Assessment and Measurement of Port Disruptions
Modern shipping ports require computer systems in order to accommodate an increasing number of port calls, larger vessel sizes, and tighter supply chains. Therefore, disruptions to assets on these networks have the potential to propagate to other critical infrastructures at great economic cost. Such disruptions may be introduced accidentally (e.g. by misconfiguration), or intentionally by adversaries that include nation states, organized crime, pirates, hacktivists, and trusted insiders. Recently, cyber-threats to the Maritime Transportation System (MTS) have become more relevant. The NotPetya malware attack affected Maersk and caused disruptions to operations estimated at over $200 million by Forbes. As a result, legislation was recently introduced within the US that would require cybersecurity information sharing among maritime stakeholders and building a model for maritime cybersecurity risk assessment. The intent of our research is to extend models used within shipping port simulations with dependencies on the Communications/IT sector, develop threat models resulting from these interactions, and measure/rank their impact. In this talk, we present models of cyber-physical interactions within container and petroleum operations at shipping ports that have been validated by practitioners in the field. We then explain how such models can be used to simulate cyber-originating disruptions to the MTS.
Gabriel Weaver is a Research Scientist at the Coordinated Science Laboratory at the University of Illinois at Urbana-Champaign. During his research career, Weaver has served at MIT’s Lincoln Laboratory and as a non-residential fellow at Harvard where he designed an XML vocabulary to encode Ancient Greek Mathematical Diagrams. Currently, Weaver is PI on a project via the Critical Infrastructure Resilience Institute (CIRI) to look at the economic impacts of cascading disruptions to shipping port infrastructure. This project, in combination with his work as the Inaugural Dieckamp Postdoctoral Fellow at UIUC’s Information Trust Institute, and in coordination with National Laboratories such as INL and PNNL, is being used to develop a Cyber-Physical Topology Language (CPTL) to encode and analyze interdependencies across critical infrastructure systems.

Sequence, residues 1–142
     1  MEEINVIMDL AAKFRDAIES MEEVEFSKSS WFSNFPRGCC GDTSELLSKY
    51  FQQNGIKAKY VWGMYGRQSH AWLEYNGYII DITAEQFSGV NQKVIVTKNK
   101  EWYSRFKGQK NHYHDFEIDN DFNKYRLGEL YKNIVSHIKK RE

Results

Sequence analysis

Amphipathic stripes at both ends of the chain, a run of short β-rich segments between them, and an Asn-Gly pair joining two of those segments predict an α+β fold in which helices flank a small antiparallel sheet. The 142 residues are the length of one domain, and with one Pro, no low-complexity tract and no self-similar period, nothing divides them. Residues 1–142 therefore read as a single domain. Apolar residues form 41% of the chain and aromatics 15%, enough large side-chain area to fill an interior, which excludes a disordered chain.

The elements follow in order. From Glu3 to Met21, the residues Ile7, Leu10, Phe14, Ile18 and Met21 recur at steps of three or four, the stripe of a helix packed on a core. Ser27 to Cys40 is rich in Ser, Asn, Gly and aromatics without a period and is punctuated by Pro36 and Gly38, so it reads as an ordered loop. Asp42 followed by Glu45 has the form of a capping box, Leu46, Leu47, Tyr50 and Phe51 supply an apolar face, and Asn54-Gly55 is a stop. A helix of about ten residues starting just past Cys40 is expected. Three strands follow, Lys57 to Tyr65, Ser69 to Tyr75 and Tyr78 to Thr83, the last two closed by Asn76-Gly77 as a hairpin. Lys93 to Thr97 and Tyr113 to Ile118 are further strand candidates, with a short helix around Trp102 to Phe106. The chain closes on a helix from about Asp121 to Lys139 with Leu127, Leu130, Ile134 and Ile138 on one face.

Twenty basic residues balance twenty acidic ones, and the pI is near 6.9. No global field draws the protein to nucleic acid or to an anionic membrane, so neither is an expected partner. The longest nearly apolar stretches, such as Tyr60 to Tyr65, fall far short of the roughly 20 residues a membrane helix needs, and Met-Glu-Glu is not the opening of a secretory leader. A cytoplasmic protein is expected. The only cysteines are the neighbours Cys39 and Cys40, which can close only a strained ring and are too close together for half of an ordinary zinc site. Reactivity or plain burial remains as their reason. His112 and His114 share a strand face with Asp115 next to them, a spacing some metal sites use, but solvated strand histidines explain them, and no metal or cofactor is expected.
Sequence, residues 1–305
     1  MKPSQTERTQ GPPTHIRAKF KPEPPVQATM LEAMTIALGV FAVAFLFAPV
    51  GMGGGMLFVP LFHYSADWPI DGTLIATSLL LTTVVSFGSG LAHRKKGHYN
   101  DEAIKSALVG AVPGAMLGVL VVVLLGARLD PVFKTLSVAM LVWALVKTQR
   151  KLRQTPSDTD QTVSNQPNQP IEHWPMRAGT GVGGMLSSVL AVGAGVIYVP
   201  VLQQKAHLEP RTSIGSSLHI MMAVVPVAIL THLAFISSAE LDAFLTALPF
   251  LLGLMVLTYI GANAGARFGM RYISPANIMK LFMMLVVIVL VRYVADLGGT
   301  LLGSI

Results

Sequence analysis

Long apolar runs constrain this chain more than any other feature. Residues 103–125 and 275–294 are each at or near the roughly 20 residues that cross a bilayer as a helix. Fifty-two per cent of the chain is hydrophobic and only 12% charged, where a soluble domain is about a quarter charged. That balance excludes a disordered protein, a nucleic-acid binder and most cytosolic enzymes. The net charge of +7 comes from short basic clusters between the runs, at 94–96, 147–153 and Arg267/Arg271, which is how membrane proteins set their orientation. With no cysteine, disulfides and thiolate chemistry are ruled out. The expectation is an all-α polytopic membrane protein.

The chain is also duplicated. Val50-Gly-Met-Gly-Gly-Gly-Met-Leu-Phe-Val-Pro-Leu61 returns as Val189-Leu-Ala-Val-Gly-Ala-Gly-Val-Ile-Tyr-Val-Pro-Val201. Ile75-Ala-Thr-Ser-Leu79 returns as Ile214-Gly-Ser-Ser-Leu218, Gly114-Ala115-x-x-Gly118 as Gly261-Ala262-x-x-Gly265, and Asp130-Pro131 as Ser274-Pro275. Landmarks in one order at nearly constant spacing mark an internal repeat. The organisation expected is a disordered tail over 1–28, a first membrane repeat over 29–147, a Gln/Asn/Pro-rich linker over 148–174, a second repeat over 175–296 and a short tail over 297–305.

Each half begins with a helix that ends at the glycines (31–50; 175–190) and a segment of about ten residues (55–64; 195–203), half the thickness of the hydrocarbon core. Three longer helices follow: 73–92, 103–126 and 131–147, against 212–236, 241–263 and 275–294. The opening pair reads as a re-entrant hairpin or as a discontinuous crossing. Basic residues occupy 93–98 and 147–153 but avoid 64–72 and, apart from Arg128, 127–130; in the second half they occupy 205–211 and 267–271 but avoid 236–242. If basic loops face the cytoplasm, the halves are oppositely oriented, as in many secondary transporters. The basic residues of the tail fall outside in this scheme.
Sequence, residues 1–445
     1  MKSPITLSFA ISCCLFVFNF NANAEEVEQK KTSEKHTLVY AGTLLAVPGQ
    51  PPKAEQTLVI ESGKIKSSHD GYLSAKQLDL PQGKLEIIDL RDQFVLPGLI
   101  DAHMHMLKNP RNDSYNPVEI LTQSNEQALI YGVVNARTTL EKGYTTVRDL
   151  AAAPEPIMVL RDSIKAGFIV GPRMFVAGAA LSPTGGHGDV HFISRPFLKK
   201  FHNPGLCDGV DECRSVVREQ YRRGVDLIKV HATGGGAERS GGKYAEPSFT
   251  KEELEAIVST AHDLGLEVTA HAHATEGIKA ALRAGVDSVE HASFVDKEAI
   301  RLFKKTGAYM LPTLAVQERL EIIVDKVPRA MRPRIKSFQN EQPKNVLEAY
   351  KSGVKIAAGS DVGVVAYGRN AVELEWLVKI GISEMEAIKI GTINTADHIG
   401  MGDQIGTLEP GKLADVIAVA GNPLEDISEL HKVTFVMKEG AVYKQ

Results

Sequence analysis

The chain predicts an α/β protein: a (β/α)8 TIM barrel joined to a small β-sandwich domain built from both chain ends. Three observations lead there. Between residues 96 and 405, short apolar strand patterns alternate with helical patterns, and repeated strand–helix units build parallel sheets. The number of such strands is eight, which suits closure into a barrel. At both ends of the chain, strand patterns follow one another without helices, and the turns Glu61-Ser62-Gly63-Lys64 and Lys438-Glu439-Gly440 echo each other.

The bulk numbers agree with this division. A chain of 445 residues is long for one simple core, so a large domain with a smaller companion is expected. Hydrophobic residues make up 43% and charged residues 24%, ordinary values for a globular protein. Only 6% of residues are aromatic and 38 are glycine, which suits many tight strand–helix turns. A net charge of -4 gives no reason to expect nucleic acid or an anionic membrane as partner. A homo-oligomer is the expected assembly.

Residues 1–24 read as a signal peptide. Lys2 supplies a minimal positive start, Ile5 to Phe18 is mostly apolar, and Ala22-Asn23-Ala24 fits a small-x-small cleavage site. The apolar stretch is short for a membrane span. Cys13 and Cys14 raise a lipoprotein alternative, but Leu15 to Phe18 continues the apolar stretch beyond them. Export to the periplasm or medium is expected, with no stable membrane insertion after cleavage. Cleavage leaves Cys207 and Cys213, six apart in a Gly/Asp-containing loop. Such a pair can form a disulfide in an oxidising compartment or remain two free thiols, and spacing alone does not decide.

Weaver holds a Ph.D. from Dartmouth College, and a B.A. in Classics in Mathematics, with a minor in Computer Science from the College of the Holy Cross. He has been a long-time collaborator and contributor to concepts and code surrounding Canonical Text Services developed out of the Multitext of Homer Project at Harvard’s Center for Hellenic Studies. For his dissertation at Dartmouth College, Weaver applied similar ideas to create eXtended Unix Tools (XUTools) to process a broader class of languages (in the language- theoretic sense) in which security policies are expressed. Throughout history, people have identified meaningful substrings of text and categorized them into groups for analysis such as sentences, pages, lines, function blocks, and books. Weaver’s dissertation formalizes these structures via context-free languages by which practitioners can extract, count, and compare files in terms of high-level language structures. Articles on XUTools have been featured in news outlets such as ComputerWorld, CIO Magazine, Communications of the ACM, and Slashdot.
During his career at UIUC, he has co-advised 5 Ph.D students with Professor William H. Sanders, Department Head of ECE. Two of these students, co-authors with Sanders and Weaver, recently received best paper awards Weaver at highly-competitive conferences in systems security and resilience: QEST 2015 and DSN 2016. PI Weaver has a long history of educational outreach and mentoring including serving as a Lead Instructor for a Dartmouth Security Camp for 10 teenage students, to serving as a Resident Assistant (RA) for a hall of 60 Freshmen in college, to designing and teaching curriculum to roughly 16 incarcerated students with various mental disorders and criminal history.